Skip to main content


I have seen enough of Neville Wood’s work on electronic counters to have gained confidence in the method. I believe it is suitable to supplement the use of the Jones/Oerth counter. It’s cheaper and available just about everywhere in the world. There is, however, an impediment to its use:

The cyclometer models that are suitable for use as revolution counters are unknown to the potential user except for those identified by Neville. He has found a few counters that can be used with four magnets, and one that can be used with one magnet. I believe the one-magnet approach is better, but both work. If use is to spread, it will be necessary for the various models of cyclocomputer on sale to be continuously evaluated, so that up-to-date information as to availability can be presented to the public.

Fortunately this need not be complicated. It takes a person, like Neville, who is willing to research what’s on sale, and find out what’s suitable. I believe that just about any cyclocomputer will work with four magnets, but it would be agreeable if there were several choices for the single-magnet approach.

How do we find out what’s good? There are two approaches that come to mind:

1) Contact the manufacturers and inquire whether the wheel circumference can be programmed to 9999 mm or more. If you receive a “yes” answer, buy a cyclocomputer and check it out.
2) Visit bike shops and open the packages. Tell them if the circumference can be programmed to 9999 you will buy it.

The budget to do this will be quite modest, but it has to be done on a continuous basis, since models of cyclocomputers are changing all the time.

It would be beneficial if some users of this message board would contribute their experience with cyclocomputers.

With knowledge of suitable cyclocomputers gained, it will be necessary to disseminate it. Various federation web pages could make the knowledge known, at the same place they give out information about Jones/Oerth counters.

It will take time, but it’s worth it. It’s a comfort to know that with what Neville has taught us, I could arrive just about anywhere in the industrialized world and acquire all I need to measure with a visit to a local bike shop.
Original Post

Replies sorted oldest to newest

Unfortunately your advice on how to identify suitable computers for electronic counters is unreliable. The manual for the Protégé only indicates the circumference can be set to 2184 mm, and when I told the manufacturer, Planet Bike, that it could be set to 9999 mm, it was the first they knew of it. The manual for the Cateye OS claims that the circumference can be set to 9999 mm, but in fact it cannot. Besides the Proteges, the Ciclosports are the only computers I am aware of that are settable to 9999 mm, but these are useless as electronic counters because they only record trip distance above 5 mph. I found a unique computer that recorded trip distance to 1 m, so that when the circumference was set to 1000 mm it recorded revolutions. Again though it did not work below 5 mph. I have discovered other quirks on other models only some of which can be worked around. Thus, the only way to identify a suitable computer is to test it looking for problems I have already identified. This does not have to involve any financial sacrifice though – all suppliers I know of allow full refund of a purchase.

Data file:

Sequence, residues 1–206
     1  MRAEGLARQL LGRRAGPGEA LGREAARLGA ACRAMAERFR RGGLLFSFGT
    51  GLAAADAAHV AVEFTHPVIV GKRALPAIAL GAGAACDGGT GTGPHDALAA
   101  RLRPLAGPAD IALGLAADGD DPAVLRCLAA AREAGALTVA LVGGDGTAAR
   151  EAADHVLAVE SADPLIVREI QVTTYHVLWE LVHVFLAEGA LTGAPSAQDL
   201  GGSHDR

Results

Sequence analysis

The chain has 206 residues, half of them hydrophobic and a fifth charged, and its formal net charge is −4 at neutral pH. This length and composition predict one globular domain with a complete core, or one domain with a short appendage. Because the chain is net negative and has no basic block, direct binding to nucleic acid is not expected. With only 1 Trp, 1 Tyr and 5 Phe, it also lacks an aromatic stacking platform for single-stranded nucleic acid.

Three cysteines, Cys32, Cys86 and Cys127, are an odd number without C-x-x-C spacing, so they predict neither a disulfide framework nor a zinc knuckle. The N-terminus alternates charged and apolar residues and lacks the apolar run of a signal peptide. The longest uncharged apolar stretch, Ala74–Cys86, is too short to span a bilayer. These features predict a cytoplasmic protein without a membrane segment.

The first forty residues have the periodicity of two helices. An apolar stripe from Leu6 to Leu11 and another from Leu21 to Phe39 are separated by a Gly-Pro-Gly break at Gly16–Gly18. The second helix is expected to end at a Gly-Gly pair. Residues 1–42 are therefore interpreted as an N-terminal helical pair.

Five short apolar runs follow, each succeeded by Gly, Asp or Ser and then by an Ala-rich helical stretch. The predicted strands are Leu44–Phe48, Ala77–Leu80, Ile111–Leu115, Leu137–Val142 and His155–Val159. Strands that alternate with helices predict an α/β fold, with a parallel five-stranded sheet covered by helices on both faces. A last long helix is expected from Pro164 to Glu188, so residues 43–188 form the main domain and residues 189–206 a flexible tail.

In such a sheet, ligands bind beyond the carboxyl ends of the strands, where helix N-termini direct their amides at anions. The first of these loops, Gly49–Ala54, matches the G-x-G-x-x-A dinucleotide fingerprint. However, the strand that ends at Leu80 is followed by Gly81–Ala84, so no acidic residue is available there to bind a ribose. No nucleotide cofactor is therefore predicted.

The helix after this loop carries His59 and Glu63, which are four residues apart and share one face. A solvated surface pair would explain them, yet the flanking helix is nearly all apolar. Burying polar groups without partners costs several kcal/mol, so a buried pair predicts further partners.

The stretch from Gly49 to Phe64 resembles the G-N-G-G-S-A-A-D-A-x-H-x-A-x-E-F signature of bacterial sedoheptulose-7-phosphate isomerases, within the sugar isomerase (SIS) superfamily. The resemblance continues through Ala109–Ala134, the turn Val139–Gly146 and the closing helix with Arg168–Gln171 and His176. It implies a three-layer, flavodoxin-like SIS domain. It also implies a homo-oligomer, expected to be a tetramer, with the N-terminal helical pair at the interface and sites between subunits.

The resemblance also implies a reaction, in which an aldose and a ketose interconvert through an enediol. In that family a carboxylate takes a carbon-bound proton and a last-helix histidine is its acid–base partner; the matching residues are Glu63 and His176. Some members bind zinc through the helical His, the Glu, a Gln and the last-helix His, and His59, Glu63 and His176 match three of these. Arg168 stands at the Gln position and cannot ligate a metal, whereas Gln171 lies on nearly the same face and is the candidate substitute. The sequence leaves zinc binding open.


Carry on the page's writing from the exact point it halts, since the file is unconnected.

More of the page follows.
When I first developed the idea of electronic counters over two years ago, there was a big choice of suitable computers and it seemed that this would always be the case. However as I indicated in my May post, “End of the Electronic Era?”, this no longer pertains, because most manufacturers have made the retrograde switch to wireless models, which do not work below 5 mph. There is always hope that technology will develop usable models in the future, but in the meantime stock up on Proteges!
Last edited by neville
I have a Trek computer on the bike that I use along with a Jones-Oerth. If a RD wants an accurate (read: not short) course without the rigor of USATF measurement protocol I'll use the Trek.

I've done a parallel measurement on my local calibration course during the past two measurement projects and found the Trek to be about a single wheel revolution long over the 0.5 mile distance of the course.

I don't trust the Trek completely, but I'll use it to give me a "heads-up" warning a mile split is approaching.

As I said, if a RD is concerned about race distance but doesn't want to go through the entire measurement protocol I'll use the Trek. The response from the local anal-retentives with their GPS gadgets is pretty much the same when I measure with the Trek as when I go through the USATF protocol and use the Jones-Oerth. In fact, I get more grief (i.e., "course is long") when I use USATF measurement protocols.

But, since I've begun measuring down here there hasn't been a short course...

Add Reply

Link copied to your clipboard.